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  • Mainichi Waiwai: Homi Danchi and Japanese-Brazilian frictions in Aichi

    Posted by Dr. ARUDOU, Debito on December 13th, 2007

    Hi Blog. I’ve been to Homi Danchi, the place described below, and it wasn’t as bad as all that (if it’s a “slum”, I’ve seen worse, even in Japan). That was, however, about four years ago, and I didn’t really seek out more information on the J-NJ tensions at the time. Here’s what the media is saying about the situation now. Arudou Debito in Sapporo

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    Foreigners’ Home Sweet ‘Homi’ greeted by local cold shoulder
    Mainichi Waiwai Page, December 11, 2007
    http://mdn.mainichi.jp/culture/waiwai/news/20071211p2g00m0dm003000c.html
    Courtesy of Steve Silver

    Tucked in a corner of the Aichi Prefecture city of Toyota, the Homi Danchi housing estate most famous for its racial problems, may offer a vision of the Japan of the future, according to Spa! (12/4).

    The estate opened in 1975 and, like many public housing complexes at the time, was then a highly desirable residence for many families.

    But an influx of Japanese-Brazilian immigrants from the start of the 1990s saw the housing estate split along racial lines as Japanese residents complained fiercely about loud Latino music, cars parked illegally and rubbish dumped everywhere.

    Three decades after it opened, Homi Danchi was no longer so homey. The housing estate had turned into a slum divided between its Japanese inhabitants and the descendants of other Japanese who had earlier left the country for greener pastures overseas.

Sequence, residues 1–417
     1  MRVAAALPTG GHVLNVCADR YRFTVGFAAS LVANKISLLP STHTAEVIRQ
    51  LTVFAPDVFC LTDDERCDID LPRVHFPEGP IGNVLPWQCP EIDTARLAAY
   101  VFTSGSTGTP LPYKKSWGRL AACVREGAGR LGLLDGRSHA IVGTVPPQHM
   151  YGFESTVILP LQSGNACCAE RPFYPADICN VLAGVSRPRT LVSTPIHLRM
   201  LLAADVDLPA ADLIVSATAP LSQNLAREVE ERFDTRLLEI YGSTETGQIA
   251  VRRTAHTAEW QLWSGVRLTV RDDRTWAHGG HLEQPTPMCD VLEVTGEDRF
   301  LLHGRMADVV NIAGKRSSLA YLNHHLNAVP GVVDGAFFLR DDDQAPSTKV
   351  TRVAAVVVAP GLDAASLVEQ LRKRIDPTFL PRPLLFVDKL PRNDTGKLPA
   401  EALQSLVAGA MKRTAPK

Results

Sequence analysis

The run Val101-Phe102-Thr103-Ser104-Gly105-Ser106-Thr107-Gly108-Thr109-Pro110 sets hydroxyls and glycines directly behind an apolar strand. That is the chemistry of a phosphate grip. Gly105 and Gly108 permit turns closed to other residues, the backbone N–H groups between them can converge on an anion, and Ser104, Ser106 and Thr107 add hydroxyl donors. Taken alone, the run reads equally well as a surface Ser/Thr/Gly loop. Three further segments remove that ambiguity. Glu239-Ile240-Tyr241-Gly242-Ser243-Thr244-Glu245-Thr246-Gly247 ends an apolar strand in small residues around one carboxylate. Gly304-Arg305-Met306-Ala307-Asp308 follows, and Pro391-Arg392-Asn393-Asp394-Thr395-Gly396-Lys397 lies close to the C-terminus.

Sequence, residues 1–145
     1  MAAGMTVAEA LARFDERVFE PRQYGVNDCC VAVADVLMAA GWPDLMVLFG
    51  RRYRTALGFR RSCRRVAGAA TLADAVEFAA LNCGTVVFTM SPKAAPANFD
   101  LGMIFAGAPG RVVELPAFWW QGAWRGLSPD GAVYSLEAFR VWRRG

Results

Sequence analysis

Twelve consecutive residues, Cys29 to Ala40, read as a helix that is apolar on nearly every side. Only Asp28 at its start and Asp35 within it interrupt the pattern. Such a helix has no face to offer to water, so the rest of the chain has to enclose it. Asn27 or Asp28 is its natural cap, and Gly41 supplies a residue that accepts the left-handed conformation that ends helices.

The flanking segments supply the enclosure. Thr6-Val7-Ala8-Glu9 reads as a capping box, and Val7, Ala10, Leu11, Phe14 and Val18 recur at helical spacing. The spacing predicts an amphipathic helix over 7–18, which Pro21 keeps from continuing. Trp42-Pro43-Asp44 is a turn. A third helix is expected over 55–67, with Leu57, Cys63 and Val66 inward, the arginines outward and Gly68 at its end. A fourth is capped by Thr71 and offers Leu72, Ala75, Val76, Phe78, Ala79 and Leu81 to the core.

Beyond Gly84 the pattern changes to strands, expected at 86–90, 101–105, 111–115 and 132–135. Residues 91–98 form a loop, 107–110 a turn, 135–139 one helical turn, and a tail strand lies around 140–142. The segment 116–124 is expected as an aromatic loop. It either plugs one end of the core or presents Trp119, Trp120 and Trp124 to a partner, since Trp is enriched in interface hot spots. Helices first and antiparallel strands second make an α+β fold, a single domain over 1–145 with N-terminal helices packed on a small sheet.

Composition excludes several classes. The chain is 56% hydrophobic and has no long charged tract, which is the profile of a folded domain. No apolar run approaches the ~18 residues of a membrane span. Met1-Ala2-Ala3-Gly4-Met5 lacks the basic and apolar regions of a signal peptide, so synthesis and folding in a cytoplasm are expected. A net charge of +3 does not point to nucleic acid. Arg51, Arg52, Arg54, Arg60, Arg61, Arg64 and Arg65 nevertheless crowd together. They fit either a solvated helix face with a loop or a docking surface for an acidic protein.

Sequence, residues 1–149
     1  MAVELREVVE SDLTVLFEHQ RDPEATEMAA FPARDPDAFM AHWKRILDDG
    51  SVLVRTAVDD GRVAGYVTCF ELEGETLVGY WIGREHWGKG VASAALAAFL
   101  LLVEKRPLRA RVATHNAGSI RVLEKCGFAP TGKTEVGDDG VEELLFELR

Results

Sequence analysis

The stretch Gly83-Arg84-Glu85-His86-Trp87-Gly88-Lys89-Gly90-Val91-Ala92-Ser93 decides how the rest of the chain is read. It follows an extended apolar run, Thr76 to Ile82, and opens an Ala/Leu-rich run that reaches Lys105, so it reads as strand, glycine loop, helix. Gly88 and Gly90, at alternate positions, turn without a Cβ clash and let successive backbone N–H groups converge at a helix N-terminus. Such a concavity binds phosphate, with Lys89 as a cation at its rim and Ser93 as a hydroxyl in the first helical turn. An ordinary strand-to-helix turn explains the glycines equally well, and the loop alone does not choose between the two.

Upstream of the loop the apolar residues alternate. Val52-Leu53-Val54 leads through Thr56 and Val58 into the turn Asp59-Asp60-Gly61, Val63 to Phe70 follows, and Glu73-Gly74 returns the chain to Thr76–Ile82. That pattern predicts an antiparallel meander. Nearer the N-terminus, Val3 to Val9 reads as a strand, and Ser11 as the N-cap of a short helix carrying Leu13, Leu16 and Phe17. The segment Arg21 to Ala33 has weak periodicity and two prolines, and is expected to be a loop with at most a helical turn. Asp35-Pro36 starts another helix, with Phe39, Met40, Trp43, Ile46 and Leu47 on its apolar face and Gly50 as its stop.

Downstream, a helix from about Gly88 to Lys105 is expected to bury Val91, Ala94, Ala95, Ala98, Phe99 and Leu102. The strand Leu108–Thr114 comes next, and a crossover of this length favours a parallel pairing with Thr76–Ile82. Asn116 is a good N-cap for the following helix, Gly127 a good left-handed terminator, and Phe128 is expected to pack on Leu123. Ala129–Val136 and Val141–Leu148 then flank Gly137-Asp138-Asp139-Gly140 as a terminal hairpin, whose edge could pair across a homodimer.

The brawl between Japanese and Japanese-Brazilians saw its roots in 1990 changes to the Immigration Law that allowed any descendants of Japanese who had previously left this country to come into the country without any other visa restrictions, ironically in the belief that such a move would smooth over perceived cultural gaps brought by other foreigners lacking the blood of Yamato flowing through their veins.

    Homi’s racial battle began when rules about public housing were relaxed a decade ago to allow foreigners to live there without restrictions, opening the floodgates to a swarm of non-Japanese moving in to the housing estate a short trip from the Toyota Motor Co. factories where many of the immigrants work.

    “They literally popped up everywhere in no time at all,” a Japanese resident of the housing estate for over 20 years tells Spa! “Before you knew it, you would never see Japanese in the housing estate anymore.”

    Many of the gripes Japanese residents had about their Brazilian “brethren” seem trivial, such as the propensity for partying and loud Latin music, but others point to the old adage of being in Rome and doing as the Romans do, urging the immigrants to lead a quieter lifestyle along the lines of the inhabitants who had been there longer.